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I am creating a structure like this in Mongoose:

var Access = new Schema({
  userId         : { type: ObjectId, unique: true },
  key            : { type: String, index: true },
  isOwner        : { type: Boolean, index: true },
});
mongoose.model('Access', Access);
var Workspace = new Schema({
  name           : { type: String, lowercase: true, unique: true},
  activeFlag     : Boolean,
  settings       : {
    welcomeMessage  : String,
    invoiceTemplate : String,
    longName        : String,
    defaultCountry  : String,
    countryId       : { type: ObjectId, index: true },
  },
  access          : [ Access ],

});
mongoose.model('Workspace', Workspace);

After adding some documents, I see the result:

{ "activeFlag" : true, 
  "name" : "w7",
  "_id" : ObjectId("5036131f22aa014c32000006"),
  "access" : [  
   {  "user": "merc",
      "key" : "673642387462834", 
      "isOwner" : true,
      "_id" : ObjectId("5036131f22aa014c32000007") 
   }
   ],
   "__v" : 0
}

I am confused by that _id in the sub-document, which doesn't seem to happen if I add just it as a sub-structure rather than a sub-schema. So questions:

1) Where does that _id come from? Is Mongoose's driver doing it? If so, how can I reach the same behaviour using straight Mongodb? Just by adding an ObjectId field?

2) When would you use a sub-document, and when would you use just a data structure?

3) I haven't gotten started with the serious part of my web application yet. However, wouldn't that ID there be really, and I mean really useful in case you are allowing JsonRest access to a sub-record in a document for example?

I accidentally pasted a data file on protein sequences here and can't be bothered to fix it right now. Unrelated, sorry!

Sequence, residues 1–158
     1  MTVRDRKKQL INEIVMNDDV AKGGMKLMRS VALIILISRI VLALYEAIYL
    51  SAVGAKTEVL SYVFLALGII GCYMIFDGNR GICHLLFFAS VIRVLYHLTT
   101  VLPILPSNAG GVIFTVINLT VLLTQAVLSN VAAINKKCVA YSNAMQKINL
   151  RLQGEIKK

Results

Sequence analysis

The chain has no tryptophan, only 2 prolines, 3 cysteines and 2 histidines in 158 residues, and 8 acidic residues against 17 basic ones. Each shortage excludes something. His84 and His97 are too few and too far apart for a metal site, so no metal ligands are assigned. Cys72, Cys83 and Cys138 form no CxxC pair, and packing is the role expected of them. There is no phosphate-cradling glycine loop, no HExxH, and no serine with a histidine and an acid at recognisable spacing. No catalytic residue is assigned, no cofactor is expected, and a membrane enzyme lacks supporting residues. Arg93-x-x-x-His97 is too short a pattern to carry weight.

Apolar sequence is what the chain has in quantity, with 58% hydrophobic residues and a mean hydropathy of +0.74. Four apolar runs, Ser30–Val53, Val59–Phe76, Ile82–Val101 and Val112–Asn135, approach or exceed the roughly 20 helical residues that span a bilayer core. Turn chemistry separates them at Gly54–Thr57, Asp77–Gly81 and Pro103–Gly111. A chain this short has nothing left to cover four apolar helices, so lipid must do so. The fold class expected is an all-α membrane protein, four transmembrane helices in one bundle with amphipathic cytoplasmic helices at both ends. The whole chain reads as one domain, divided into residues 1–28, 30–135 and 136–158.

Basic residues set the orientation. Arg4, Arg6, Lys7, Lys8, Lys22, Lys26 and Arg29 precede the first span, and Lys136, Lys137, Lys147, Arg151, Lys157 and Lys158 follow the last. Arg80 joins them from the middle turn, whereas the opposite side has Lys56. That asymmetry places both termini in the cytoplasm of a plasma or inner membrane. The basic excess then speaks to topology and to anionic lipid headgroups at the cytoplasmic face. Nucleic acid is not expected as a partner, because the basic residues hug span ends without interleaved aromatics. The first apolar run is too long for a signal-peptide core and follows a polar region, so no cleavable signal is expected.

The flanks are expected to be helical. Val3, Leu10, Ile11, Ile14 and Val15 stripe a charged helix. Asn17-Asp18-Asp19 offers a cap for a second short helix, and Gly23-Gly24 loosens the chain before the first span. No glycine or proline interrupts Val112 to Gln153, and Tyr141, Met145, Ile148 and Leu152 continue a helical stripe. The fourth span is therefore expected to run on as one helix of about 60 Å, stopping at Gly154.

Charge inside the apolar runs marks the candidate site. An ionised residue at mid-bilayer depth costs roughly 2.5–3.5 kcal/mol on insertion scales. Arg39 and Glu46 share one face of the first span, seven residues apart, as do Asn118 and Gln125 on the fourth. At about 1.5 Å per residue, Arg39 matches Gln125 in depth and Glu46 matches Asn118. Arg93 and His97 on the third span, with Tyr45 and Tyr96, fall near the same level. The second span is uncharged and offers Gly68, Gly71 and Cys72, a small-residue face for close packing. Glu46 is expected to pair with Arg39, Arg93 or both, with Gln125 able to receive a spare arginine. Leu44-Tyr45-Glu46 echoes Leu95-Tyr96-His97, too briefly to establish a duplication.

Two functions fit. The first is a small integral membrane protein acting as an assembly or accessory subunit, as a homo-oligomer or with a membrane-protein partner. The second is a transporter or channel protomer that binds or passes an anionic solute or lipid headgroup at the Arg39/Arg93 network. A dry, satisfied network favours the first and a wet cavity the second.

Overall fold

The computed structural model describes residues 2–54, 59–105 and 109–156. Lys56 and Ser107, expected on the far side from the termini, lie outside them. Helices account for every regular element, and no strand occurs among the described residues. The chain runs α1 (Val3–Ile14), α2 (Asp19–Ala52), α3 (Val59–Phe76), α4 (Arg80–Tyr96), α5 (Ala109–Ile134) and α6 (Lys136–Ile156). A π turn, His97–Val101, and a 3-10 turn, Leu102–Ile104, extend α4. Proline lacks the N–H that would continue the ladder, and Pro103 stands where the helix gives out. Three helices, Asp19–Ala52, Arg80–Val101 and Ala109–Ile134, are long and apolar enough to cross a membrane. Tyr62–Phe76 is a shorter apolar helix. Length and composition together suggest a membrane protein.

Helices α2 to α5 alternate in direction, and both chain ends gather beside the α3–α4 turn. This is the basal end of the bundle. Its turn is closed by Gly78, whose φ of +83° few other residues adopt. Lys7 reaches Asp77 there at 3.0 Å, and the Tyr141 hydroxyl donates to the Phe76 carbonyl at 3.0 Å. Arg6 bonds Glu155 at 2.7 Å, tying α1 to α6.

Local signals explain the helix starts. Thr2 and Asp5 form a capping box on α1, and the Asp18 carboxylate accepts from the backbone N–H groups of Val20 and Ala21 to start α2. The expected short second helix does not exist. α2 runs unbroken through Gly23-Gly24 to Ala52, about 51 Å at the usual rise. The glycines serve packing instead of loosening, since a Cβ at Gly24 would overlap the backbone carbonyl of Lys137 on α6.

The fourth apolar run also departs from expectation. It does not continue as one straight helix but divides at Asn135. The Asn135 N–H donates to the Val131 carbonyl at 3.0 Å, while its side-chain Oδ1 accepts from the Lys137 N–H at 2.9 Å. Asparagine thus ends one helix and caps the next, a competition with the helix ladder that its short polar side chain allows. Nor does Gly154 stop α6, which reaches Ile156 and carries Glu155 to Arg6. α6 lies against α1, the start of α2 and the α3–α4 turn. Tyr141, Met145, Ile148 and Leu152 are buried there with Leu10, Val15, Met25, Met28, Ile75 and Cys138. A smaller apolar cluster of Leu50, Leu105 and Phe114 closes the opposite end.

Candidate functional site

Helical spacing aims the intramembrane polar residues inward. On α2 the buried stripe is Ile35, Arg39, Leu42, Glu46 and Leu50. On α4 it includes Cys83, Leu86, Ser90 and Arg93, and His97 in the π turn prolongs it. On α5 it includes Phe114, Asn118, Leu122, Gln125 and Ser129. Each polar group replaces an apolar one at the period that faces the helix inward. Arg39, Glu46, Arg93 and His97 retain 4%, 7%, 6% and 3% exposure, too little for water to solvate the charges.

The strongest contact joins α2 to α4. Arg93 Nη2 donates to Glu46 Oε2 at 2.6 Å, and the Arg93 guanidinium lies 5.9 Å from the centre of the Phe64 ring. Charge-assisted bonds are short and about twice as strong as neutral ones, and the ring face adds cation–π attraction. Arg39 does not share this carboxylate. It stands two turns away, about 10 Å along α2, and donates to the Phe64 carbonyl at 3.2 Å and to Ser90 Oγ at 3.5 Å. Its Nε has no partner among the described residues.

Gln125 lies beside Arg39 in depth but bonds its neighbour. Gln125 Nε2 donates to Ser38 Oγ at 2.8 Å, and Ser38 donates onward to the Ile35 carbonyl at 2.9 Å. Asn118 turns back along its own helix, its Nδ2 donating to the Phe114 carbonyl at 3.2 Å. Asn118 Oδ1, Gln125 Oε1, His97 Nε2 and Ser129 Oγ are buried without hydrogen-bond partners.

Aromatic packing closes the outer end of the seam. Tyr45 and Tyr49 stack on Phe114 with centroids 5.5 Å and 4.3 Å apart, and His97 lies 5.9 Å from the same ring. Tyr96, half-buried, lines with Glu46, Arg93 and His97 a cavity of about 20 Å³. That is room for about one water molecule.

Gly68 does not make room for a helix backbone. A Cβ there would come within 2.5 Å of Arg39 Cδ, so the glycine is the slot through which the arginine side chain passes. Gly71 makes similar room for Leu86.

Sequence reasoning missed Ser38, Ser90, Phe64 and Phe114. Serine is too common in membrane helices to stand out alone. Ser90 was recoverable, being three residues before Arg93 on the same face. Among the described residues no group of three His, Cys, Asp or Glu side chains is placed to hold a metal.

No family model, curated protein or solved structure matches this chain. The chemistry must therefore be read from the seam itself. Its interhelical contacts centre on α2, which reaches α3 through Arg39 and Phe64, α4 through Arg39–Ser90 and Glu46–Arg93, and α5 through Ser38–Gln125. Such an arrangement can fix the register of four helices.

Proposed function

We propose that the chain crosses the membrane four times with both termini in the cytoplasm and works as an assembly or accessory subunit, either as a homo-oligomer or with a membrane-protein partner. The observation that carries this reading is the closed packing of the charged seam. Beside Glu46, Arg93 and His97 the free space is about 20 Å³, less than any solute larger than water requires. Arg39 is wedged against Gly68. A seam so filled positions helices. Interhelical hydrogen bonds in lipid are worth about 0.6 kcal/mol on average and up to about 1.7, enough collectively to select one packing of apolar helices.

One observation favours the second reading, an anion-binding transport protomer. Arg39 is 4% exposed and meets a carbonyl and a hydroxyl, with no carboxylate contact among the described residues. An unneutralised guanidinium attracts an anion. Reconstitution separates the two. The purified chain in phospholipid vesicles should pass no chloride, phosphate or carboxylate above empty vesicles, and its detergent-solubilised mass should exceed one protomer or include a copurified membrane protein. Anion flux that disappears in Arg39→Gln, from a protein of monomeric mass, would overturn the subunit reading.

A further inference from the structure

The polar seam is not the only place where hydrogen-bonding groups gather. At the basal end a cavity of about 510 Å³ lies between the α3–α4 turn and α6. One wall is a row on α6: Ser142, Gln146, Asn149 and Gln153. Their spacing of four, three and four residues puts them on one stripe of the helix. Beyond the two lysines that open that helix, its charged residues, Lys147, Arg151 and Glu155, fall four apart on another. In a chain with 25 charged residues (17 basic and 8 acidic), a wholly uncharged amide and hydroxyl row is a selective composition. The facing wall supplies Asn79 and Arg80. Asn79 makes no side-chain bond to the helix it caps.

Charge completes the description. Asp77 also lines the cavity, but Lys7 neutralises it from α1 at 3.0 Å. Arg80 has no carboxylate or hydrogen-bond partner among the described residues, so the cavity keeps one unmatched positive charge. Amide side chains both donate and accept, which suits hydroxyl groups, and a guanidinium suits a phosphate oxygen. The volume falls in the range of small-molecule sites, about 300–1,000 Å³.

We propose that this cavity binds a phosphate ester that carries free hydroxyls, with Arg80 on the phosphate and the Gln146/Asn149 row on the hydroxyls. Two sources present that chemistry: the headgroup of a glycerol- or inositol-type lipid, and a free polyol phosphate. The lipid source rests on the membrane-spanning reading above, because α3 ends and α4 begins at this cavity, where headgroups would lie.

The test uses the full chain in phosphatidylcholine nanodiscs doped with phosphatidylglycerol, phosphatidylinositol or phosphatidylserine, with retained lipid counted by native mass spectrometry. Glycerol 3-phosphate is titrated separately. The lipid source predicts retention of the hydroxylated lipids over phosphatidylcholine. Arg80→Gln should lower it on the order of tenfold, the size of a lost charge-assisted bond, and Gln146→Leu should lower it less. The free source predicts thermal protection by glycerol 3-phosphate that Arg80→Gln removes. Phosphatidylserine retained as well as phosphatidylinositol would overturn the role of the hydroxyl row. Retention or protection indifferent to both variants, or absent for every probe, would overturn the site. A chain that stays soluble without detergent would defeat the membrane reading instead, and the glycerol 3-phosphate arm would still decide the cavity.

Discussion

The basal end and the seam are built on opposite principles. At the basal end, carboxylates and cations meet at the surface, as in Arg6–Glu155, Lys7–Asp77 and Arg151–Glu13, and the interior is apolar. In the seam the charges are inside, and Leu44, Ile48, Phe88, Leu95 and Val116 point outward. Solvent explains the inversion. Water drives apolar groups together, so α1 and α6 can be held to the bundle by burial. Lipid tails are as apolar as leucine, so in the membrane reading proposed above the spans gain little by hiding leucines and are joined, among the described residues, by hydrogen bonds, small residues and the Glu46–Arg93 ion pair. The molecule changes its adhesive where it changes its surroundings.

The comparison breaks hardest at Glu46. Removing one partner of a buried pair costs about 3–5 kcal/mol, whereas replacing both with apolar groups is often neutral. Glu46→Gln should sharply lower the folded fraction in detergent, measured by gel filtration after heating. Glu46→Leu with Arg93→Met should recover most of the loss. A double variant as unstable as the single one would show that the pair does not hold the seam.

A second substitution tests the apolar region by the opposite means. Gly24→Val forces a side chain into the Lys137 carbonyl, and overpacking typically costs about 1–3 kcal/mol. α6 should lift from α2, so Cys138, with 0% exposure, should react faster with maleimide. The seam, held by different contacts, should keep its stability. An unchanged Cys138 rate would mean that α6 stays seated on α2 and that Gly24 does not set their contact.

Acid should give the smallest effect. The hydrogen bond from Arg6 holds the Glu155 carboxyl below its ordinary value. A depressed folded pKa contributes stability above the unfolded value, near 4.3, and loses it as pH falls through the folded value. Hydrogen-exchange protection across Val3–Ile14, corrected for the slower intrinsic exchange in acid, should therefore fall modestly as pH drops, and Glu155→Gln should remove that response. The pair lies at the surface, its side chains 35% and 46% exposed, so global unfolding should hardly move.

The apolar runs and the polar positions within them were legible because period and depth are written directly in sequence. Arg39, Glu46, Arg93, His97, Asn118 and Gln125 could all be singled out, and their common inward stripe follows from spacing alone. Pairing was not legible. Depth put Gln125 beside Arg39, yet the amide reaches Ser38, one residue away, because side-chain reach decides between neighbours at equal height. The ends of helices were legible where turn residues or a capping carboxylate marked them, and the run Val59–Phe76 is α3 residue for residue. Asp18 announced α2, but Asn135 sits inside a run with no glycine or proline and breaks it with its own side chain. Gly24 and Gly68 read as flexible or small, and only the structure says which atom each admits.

Thank you as ever!

Merc.

share|improve this question

1 Answer 1

up vote 2 down vote accepted

EDIT: Removed data duplication piece of answer based on comments below.

To answer your other question, how to replicate this in MongoDB itself, you could create that document as follows:

db.foo.insert(
    { "activeFlag" : true, 
      "name" : "w7",
      "access" : [  
      {  "userId" : ObjectId(),
         "key" : "673642387462834", 
         "isOwner" : true,
         "_id" : ObjectId() 
      }
      ],
    "__v" : 0
})

To explain, the _id in the root document is implied - it will be added by MongoDB if not specified. However, to get _id into the sub-document, you have to manually specify it by calling the ObjectId() function. My doc looked like this:

db.foo.find().pretty()
{
    "_id" : ObjectId("50375bd0cee59c8561829edb"),
    "activeFlag" : true,
    "name" : "w7",
    "access" : [
        {
            "userId" : ObjectId("50375bd0cee59c8561829ed9"),
            "key" : "673642387462834",
            "isOwner" : true,
            "_id" : ObjectId("50375bd0cee59c8561829eda")
        }
    ],
    "__v" : 0
}
share|improve this answer
    
Sorry my bad... that userId actually points to an id in a different table. So there is actually no duplication and the _id added by mongoose is handy! Maybe update the answer with this new info -- thanks! –  Merc Aug 24 '12 at 11:11
    
I actually did explain both where it comes from and how to generate it in straight MongoDB also - what other information were you looking for? The when to use a sub-document question has been asked many, many times (look for embed versus link and similar). –  Adam Comerford Aug 24 '12 at 11:27
    
Answer is fine but there is no duplication in my data, so maybe take out the bit about duplication which wouldn't be part of the core question. Thank you for answering! –  Merc Aug 24 '12 at 11:47
    
So basically if I use ObjectID anywhere I am guaranteed to get a unique string...? –  Merc Aug 24 '12 at 11:48
    
You can reasonably expect uniqueness, yes, but it is not guaranteed, and technically not a string - take a look here for how it is generated: mongodb.org/display/DOCS/… –  Adam Comerford Aug 24 '12 at 12:25

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